The Petchary notes another birthday today: That of the man simply called “The Liberator.” Simon Bolivar was born in Caracas, Venezuela, on July 24, 1783. He died on December 17, 1830, after a long battle with tuberculosis, in Santa Marta, Colombia. Although his physical remains departed that place twelve years later, when he was returned to the land of his birth, there remains a beautiful, simple white monument to him in that place.
Sadly though, poor Bolivar is not allowed to rest quietly in his birthplace in 2010. Amidst the usual puffed-up pomposity and bristling of red berets, Venezuelan president Hugo Chavez just had the poor General exhumed, in order to have his bones tested. There are rumors that he was assassinated and in fact died of slow arsenic poisoning.
Yes, the wicked Colombians killed him! As we know, Mr. Chavez’s socialist government just broke off diplomatic relations with Colombia. Coincidence! And what would the General think of this – a display of Latin American unity? He would be even more melancholy than he was in the beautiful, elegaic Marquez novel “The General in his Labyrinth.”
Of course, the important thing about Bolivar is that in fact, Chavez cannot claim him as his own. He is a truly transnational hero. He left his footprint in so many places in the Americas – including Jamaica. Sometimes he was tired and resting, sometimes defiant, sometimes victorious, sometimes defeated and fleeing.
In Jamaica, he was the latter; he rested here awhile in 1815 after heavy defeats, and gave himself some time to think. In his “Letter from Jamaica” Bolivar wrote: “A people that love freedom will in the end be free.” It was in Jamaica that his vision grew for a great, strong federation of Latin America, cutting the colonial shackles that tied it down. This is the kind of stuff that makes young women’s hearts swell, and the hairs at the back of young men’s necks stand up. (By the way, the Jamaica Information Service calls this famous document a “Letter to Jamaica.” Which wouldn’t make a lot of sense, would it). In fact, the letter was a reply to a Jamaican, and was subtitled rather elegantly, “Reply of a South American to a Gentleman of This Island.”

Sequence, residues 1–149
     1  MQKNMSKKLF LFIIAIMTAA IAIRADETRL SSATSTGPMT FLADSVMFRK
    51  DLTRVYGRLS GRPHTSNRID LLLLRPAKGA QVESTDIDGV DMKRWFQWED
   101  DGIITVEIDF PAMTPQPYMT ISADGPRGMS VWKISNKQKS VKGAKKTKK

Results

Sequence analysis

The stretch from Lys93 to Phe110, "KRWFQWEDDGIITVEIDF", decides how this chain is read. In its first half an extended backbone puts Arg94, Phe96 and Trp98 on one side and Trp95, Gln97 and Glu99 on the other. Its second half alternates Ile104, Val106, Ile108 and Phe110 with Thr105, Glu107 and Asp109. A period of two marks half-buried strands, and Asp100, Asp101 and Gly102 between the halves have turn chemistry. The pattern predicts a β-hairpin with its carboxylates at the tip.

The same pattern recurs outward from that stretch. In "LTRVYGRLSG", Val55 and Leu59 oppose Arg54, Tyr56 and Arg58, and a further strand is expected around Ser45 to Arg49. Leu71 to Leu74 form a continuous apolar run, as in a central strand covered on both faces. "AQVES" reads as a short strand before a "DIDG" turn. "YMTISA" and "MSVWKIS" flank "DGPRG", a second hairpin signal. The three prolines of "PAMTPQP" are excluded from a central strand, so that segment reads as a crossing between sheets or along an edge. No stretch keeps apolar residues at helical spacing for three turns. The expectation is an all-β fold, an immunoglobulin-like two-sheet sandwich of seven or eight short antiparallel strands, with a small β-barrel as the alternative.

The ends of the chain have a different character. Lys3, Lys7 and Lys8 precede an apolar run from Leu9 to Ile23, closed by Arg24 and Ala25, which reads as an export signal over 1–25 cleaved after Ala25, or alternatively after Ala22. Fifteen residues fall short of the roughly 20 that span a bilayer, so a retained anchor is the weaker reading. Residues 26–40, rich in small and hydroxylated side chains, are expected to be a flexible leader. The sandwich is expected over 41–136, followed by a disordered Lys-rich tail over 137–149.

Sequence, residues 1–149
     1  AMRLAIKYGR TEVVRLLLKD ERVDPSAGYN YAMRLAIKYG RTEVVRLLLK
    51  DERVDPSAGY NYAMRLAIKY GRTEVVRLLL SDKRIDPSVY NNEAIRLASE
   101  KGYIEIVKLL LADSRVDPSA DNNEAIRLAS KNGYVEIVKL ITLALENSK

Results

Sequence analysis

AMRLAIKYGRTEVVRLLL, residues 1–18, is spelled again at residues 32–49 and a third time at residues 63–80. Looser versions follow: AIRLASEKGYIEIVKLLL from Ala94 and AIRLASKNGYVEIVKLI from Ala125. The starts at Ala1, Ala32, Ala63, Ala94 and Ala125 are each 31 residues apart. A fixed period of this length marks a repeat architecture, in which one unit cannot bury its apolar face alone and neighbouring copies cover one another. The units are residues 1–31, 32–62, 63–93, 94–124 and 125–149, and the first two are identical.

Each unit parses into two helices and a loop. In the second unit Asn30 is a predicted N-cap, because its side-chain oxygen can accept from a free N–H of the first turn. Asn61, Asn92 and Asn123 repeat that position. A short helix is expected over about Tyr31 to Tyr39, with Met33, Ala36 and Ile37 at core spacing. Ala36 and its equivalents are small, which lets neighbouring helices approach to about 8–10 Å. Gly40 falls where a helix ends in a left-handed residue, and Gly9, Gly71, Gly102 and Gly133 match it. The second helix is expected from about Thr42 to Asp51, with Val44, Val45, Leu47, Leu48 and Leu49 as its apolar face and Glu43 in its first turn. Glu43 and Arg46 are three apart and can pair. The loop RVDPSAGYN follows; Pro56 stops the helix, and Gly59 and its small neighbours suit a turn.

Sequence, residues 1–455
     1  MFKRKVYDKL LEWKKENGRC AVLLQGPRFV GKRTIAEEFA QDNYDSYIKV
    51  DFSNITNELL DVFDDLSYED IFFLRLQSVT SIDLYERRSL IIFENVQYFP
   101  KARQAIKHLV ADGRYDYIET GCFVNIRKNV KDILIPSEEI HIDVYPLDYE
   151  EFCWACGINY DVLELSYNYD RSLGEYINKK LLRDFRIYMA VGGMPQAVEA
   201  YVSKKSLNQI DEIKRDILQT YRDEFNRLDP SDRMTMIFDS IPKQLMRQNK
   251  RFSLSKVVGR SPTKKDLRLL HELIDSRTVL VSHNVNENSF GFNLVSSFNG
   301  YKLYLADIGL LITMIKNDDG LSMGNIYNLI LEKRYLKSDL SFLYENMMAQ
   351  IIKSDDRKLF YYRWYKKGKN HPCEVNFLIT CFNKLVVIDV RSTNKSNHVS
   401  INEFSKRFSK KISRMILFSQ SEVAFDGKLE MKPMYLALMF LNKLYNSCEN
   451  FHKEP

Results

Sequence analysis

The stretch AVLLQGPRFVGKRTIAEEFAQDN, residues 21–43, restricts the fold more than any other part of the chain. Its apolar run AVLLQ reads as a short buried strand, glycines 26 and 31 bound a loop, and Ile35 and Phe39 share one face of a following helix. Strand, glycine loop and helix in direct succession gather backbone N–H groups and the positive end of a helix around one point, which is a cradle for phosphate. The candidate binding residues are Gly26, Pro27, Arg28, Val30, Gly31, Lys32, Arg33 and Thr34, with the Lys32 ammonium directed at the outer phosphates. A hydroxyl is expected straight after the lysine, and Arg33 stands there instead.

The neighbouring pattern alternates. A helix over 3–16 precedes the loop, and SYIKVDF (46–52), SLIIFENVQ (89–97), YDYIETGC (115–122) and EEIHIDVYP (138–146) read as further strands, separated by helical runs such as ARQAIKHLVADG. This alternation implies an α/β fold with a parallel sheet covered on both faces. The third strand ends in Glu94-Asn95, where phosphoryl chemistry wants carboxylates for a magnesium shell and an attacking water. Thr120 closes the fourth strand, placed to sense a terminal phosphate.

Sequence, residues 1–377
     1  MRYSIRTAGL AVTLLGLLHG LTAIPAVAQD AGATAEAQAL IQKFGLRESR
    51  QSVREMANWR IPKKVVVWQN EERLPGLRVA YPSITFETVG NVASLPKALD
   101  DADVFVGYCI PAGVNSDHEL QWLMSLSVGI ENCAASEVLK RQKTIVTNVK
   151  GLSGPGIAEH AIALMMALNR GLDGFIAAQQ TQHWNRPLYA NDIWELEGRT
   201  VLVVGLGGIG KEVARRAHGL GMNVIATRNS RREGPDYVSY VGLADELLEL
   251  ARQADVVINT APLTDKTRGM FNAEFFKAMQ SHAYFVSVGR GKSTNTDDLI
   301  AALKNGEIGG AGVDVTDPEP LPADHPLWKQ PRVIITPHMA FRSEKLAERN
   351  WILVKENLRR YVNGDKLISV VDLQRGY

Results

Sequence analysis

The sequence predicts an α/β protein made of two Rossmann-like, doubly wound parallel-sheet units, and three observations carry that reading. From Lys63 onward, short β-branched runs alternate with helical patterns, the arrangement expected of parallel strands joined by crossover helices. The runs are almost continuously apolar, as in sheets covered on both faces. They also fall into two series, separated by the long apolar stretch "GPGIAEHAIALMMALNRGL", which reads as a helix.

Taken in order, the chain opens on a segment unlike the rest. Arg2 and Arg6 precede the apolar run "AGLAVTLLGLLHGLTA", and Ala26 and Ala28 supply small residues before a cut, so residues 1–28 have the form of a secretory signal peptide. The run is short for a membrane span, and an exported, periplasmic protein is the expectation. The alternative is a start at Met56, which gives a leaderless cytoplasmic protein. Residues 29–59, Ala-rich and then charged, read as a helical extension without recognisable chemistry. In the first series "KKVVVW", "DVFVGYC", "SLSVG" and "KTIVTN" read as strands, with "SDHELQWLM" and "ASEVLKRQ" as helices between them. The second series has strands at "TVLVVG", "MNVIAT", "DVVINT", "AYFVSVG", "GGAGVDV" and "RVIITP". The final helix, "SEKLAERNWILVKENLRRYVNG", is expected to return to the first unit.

The statue below was given to Jamaica by the Bolivarian government of Venezuela. Thanks for that, Mr. Chavez.
“A people that love freedom.” It is the Petchary’s passionate hope that the people of Jamaica will themselves, one day, be free of the mental slavery that besets them. Yes, that same mental slavery that Marcus Garvey preached about and Bob Marley sang about.
Why did Bob Marley sing so much about freedom? Surely Jamaica was independent, emancipated, a sovereign state in the 1970s? But freedom – true Bolivarian-style liberation – is a thing of the mind as much as the body. As the General wrote in his Jamaican letter.
As Siddhartha Gautama, the Buddha said, thousands of years ago, “Be a lamp unto yourself. Work out your liberation with diligence.”
Note: According to local historian Rebecca Tortello, Bolivar actually survived an assassination attempt here in Jamaica. His treacherous servant stabbed the wrong man, who happened to be sleeping in Bolivar’s hammock (no-one sleeps in hammocks any more do they? They are purely decorative).